Traits are defined as the components of organisms that can be measured and have an effect on ecosystem functioning. Examples of traits include the behaviour, life history, morphology, and physiology characteristics
The Ross Sea Region Research and Monitoring Programme (Ross-RAMP) is a five-year research programme funded by the Ministry of Business, Innovation and Employment (MBIE) and run by NIWA to evaluate the effectiveness of the Ross Sea Marine Protected Area.
The main breeding population of New Zealand sea lions at the Auckland Islands has halved in size since the late-1990s; NIWA scientists are working with the government and experts from around New Zealand and overseas to understand why.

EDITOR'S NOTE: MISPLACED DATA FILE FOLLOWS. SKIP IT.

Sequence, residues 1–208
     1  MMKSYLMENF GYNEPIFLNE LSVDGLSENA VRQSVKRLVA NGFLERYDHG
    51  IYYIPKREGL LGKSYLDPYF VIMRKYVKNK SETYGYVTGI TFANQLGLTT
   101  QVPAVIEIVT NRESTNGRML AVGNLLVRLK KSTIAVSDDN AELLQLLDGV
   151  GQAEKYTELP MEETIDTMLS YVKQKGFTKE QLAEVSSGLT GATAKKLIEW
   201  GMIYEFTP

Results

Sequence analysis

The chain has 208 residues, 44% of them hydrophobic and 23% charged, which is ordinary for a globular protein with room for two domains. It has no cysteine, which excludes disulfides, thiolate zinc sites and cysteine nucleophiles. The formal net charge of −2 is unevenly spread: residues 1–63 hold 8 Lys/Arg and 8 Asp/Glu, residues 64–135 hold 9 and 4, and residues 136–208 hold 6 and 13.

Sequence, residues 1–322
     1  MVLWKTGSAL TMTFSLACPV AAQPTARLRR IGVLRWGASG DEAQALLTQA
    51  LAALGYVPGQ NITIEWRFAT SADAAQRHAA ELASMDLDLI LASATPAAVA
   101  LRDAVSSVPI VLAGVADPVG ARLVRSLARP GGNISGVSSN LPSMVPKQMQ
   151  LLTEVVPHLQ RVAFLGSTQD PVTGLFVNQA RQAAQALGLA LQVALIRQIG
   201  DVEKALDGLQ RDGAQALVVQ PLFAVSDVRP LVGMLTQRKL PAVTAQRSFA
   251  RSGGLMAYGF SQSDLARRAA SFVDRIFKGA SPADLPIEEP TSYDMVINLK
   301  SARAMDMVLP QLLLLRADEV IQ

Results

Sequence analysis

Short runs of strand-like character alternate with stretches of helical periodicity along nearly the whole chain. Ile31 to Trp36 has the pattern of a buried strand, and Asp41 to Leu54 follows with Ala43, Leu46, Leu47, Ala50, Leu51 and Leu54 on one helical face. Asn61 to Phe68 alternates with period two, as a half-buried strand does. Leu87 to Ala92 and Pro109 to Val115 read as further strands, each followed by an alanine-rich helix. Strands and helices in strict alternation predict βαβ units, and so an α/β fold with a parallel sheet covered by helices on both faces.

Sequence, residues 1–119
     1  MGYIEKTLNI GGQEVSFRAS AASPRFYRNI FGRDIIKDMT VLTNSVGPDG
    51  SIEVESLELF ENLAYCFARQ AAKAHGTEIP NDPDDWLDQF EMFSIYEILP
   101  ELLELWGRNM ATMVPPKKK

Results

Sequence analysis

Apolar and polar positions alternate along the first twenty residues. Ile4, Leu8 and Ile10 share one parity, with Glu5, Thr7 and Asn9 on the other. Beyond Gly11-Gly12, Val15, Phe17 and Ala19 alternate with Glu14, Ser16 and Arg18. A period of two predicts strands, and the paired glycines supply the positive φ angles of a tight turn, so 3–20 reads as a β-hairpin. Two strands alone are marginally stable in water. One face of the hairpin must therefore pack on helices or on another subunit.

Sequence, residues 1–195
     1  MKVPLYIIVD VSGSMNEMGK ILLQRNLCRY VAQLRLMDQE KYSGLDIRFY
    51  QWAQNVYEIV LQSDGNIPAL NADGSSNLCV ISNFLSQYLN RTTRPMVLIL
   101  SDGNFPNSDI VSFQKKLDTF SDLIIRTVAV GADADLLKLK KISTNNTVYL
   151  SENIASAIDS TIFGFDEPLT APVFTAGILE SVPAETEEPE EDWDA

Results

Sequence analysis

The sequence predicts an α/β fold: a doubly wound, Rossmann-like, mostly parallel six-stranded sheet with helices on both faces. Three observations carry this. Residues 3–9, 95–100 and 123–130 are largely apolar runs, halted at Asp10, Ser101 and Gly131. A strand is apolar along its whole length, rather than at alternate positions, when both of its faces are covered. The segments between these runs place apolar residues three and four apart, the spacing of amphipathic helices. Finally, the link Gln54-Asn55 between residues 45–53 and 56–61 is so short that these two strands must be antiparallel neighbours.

Estuaries and coasts provide a wide range of benefits to New Zealanders – “ecosystem services”. However, we still don’t know enough about these ecosystem services – a challenge NIWA and other scientists are tackling with a new technique.
We know that waves cleanse estuaries of silts and clays, keeping intertidal flats sandy and healthy. But how big do waves have to be to be effective in this way? New research shows that very small waves can be just as effective as big waves.
Changes to the local environment and over harvesting have damaged shellfish populations in many estuaries. These projects examine the most effective way to restore these habitats and allow healthy populations of shellfish to return.
NIWA has developed an Urban Stormwater Contaminant (USC) model to enable urban planners to predict sedimentation and heavy metal accumulation in estuaries and identify problem areas in order to target mitigation measures.